A fleet shadow topped with bouncing copper curls darted in the dark into the fen, shoes and staff being sucked into the mud with every step – it didn’t matter; she was filthy enough already – no one would follow her this way. It was slower than the road; she would have to make up for it with her pace.
Bullfrogs croaked, insects sang… and dogs brayed in the distance behind her. Saoirse lengthened her strides.
She’d had no time to say goodbye; no time to explain; no time to think, not yet. Misty air puffed from her lips, breathing growing heavy, head aching almost worse than her body.
It didn’t matter that she couldn’t trust the sailor with the mask and the colorful clothes; the young Dun decided that the only choice she had was to throw her lot in with him. The mud beneath her turned to sand, lending more strength to her burning legs carrying her as quickly as they could to the boat. “Take me with you,” she begged through labored breath, cheeks flushed pink with exertion, “please,”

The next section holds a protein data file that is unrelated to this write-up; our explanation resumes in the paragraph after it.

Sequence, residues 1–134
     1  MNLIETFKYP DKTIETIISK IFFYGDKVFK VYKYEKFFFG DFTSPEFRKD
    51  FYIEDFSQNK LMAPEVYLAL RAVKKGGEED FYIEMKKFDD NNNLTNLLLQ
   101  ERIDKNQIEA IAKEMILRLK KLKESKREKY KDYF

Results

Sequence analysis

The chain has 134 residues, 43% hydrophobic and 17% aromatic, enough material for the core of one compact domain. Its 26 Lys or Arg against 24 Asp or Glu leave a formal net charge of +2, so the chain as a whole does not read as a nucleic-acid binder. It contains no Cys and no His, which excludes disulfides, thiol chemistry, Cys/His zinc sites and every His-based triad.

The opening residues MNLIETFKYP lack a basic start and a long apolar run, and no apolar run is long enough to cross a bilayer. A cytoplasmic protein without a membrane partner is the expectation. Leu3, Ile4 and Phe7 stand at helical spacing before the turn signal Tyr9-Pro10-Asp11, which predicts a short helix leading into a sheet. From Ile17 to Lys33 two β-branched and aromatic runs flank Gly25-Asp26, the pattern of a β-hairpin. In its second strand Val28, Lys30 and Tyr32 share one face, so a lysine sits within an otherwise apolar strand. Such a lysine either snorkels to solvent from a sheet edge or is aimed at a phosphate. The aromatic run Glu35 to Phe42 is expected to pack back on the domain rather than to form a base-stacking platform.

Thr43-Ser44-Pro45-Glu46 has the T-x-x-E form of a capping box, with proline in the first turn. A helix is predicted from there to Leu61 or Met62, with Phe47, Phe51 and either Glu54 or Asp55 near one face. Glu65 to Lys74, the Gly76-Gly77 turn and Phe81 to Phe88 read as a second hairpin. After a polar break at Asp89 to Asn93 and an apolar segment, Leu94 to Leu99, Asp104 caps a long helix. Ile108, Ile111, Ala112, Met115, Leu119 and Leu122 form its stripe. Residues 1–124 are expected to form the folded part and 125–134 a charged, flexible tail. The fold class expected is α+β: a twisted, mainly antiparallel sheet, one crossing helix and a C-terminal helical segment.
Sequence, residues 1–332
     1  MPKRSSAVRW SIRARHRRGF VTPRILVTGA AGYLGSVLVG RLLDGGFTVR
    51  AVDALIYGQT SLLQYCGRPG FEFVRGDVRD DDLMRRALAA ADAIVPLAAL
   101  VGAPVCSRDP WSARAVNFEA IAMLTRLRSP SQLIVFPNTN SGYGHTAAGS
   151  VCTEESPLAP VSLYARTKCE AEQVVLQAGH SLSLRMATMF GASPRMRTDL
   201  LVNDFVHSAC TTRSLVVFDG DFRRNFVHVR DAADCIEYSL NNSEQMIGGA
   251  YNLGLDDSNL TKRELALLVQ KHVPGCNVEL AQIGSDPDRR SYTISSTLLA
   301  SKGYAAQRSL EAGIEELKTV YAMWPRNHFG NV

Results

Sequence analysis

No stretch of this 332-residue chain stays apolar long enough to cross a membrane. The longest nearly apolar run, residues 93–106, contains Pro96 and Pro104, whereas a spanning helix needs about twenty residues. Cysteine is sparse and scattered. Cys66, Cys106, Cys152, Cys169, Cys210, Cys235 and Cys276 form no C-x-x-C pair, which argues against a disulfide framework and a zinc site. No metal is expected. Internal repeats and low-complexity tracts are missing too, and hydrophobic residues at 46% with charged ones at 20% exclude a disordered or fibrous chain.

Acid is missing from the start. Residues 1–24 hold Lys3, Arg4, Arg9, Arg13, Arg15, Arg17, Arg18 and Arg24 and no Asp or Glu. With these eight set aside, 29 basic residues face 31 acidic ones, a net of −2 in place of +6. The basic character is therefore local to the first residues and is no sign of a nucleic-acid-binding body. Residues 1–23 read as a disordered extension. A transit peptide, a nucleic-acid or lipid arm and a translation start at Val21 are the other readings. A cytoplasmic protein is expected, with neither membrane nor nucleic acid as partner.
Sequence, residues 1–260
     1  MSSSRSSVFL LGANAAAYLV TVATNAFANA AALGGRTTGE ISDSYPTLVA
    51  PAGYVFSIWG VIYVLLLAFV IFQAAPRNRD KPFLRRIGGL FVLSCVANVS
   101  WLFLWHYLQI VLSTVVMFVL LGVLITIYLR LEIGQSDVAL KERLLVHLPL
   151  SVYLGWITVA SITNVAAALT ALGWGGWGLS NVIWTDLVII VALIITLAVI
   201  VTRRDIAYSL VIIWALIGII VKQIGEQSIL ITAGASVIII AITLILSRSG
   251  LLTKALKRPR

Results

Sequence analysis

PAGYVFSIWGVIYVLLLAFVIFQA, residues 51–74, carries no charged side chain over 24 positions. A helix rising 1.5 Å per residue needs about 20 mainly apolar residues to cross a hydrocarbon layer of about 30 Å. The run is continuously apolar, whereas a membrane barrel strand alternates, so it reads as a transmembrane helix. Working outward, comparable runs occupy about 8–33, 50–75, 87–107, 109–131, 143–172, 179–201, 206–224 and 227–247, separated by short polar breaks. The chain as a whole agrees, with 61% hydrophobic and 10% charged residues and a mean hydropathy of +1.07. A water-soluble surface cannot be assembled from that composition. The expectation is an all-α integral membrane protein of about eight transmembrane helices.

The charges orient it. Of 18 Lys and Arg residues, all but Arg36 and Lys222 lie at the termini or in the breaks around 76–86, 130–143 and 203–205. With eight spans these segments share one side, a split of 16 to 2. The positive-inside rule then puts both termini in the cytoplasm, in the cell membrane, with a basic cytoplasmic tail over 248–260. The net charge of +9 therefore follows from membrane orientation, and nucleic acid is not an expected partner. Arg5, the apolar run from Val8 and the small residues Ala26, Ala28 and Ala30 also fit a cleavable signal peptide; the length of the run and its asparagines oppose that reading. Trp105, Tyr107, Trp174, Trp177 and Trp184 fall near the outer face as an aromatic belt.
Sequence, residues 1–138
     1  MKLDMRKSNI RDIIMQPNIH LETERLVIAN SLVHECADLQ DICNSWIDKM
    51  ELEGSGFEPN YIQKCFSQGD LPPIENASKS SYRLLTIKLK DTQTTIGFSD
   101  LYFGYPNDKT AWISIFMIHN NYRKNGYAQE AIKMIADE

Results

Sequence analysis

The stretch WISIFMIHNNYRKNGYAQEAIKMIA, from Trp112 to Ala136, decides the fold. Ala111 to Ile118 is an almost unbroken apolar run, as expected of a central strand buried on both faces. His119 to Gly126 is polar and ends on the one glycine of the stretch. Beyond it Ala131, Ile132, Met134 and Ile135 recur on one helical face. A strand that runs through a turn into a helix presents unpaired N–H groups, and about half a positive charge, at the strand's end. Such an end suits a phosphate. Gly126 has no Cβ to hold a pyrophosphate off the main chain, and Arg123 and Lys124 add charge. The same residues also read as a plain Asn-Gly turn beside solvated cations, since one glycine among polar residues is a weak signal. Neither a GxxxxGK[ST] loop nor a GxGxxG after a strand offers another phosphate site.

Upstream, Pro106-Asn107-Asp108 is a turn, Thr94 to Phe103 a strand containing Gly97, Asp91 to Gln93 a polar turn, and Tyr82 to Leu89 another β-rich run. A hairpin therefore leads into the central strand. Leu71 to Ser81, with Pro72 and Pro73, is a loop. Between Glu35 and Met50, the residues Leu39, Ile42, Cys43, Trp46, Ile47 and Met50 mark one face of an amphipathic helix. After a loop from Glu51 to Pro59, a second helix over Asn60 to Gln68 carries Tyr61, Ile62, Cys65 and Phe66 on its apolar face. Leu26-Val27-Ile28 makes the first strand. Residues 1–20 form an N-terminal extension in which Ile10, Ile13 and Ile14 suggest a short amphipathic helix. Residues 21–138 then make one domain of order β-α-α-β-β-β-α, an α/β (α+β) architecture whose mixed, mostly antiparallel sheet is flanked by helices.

The man – who she would soon learn to be called William II de la Marck – looked up as she spoke with eyes drooping like a hound’s. “You… I’ve seen you before. Aren’t you… you’re from Craigellachie,”
“Aye,” Saoirse panted, “Please, ye must have room for one more,”
He frowned, looking out over her shoulder. “Do you have papers?”
She did not have papers; she did not have anything at all. “No, I…” She faltered, and shifted demeanor – she could not fail tonight, “I’m getting on that boat and ye cannae stop me, even if I’ve got tae lash myself down tae the bow like a figurehead,” she declared as insistently as she could, her accompanying stomp muted by fatigue and the sand.
“I would pay to see that, maybe we should,” he responded, looking back at another sailor behind him, a patronizing glimmer of mirth in his eyes. They shared a laugh before he turned back to her, “Or you can hide down in the hold with the grain?”